harm will result from aggregate exposure to fenoxapro-ethyl residues.
    2. Chronic risk. Using the ARC exposure assumptions described 
above, EPA has concluded that aggregate exposure to fenoxaprop-ethyl 
from food

[[Page 19835]]

will utilize less than 0.4% of the RfD for the U.S. population. The 
major identifiable subgroup with the highest aggregate exposure is non-
nursing infants less than one year old. EPA generally has no concern 
for exposures below 100% of the RfD because the RfD represents the 
level at or below which daily aggregate dietary exposure over a 
lifetime will not pose appreciable risks to human health. Despite the 
potential for exposure to fenoxaprop-ethyl in drinking water and from 
non-dietary, non-occupational exposure, EPA does not expect the 
aggregate exposure to exceed 100% of the RfD. EPA concludes that there 
is a reasonable certainty that no harm will result from aggregate 
exposure to fenoxaprop-ethyl residues.
    Short- and intermediate-term aggregate exposure takes into account 
chronic dietary food and water (considered to be a background exposure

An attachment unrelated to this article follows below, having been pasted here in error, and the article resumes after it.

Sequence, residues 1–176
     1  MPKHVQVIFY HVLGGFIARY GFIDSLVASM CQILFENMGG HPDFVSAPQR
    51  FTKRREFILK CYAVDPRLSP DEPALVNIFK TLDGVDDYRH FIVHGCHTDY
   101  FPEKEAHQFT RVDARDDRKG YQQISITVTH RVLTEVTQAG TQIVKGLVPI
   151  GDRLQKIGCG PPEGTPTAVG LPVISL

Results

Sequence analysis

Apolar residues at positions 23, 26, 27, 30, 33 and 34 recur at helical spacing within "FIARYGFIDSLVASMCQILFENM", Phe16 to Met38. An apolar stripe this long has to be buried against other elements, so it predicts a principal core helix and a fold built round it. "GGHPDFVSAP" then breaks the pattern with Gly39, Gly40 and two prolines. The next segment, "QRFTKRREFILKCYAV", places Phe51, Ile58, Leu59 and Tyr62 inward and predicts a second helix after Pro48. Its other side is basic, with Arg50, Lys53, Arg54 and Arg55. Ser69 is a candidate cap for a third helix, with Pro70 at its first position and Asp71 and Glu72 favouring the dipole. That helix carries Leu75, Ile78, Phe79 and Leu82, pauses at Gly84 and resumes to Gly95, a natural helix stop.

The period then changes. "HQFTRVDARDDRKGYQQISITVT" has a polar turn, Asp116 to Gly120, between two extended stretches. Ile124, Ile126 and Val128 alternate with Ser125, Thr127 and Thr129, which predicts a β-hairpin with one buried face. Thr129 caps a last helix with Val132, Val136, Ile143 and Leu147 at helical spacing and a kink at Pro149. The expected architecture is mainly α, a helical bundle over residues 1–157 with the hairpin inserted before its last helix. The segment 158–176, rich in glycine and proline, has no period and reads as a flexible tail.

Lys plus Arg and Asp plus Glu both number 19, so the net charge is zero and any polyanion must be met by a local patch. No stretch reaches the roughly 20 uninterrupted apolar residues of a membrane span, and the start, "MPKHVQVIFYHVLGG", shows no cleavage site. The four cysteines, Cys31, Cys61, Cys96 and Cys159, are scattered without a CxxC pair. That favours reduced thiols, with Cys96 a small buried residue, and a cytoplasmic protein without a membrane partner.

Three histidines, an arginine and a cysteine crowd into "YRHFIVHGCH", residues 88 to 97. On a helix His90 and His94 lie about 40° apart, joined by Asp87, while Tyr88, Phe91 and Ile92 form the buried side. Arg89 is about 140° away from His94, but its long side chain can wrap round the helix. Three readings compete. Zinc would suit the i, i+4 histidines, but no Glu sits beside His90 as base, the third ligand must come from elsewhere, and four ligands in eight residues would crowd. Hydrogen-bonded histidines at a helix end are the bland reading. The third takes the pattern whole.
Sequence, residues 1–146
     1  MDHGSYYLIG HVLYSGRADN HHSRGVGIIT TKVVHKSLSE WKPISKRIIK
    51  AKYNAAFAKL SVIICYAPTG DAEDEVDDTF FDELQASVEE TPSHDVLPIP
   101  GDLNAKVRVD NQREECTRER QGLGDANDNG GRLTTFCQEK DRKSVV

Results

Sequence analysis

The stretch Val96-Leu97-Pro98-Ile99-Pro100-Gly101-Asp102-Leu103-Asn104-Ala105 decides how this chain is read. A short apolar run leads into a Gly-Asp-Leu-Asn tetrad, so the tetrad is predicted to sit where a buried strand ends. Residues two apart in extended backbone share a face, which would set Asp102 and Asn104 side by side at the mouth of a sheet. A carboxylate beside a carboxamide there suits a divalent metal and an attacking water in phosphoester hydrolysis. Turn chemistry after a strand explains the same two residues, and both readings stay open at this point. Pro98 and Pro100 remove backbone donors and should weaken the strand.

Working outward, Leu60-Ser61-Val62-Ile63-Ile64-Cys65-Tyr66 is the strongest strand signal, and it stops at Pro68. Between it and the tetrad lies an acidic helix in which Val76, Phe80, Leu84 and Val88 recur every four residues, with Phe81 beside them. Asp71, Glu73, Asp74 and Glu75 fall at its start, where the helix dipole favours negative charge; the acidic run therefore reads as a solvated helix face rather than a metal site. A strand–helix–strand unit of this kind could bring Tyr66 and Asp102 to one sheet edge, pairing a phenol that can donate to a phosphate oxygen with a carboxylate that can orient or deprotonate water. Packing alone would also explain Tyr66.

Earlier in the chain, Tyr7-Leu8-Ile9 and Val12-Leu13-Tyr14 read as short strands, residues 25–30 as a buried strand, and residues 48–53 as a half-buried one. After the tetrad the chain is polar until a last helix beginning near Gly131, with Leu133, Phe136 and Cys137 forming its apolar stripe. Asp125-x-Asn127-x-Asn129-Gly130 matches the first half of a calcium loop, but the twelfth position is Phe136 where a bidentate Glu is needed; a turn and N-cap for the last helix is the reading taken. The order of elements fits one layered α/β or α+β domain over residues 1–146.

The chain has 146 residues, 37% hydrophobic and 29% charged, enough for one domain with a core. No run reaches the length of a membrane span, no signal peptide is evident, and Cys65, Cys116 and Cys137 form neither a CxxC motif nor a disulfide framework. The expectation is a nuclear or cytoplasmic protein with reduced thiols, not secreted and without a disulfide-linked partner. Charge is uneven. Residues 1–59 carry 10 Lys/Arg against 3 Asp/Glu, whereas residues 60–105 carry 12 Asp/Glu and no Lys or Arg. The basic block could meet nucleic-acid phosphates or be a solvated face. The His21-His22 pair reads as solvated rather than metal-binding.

level) plus indoor and outdoor residential exposure.
    Fenoxaprop-ethyl is currently registered for use on turfgrass 
including sod production, commercial and residential turf and landscape 
ornamentals. No short- or intermediate-term dermal toxicity endpoints 
have been identified for fenoxaprop-ethyl. An inhalation endpoint has 
been identified, however, as the uses are outdoors, exposure from 
inhalation route should be considerable less than that determined for 
worker mixer/loaders, who have an MOE of 2,800. Additionally, based on 
the low level of chronic dietary exposure, the Agency concludes that 
aggregate short- and intermediate-term exposure is at a level below 
EPA's level of concern.

F. Aggregate Cancer Risk for U.S. Population

    Based on a upper bound potency factor (Q1*) of 9.1 x 
10<SUP>-2</SUP> (mg/kg/day)<SUP>-1</SUP>, the lifetime cancer risk from 
residues of fenoxaprop-ethyl in food commodities is 9.1 x 
10<SUP>-7</SUP>. Taking into accoutn the exposure from residues in 
food, EPA has caluculated a drinking water level of concern which would 
not result in a greater negligible total cancer risk from chronic 
exposure to fenoxaprop-ethyl residues in food and water. The Agency's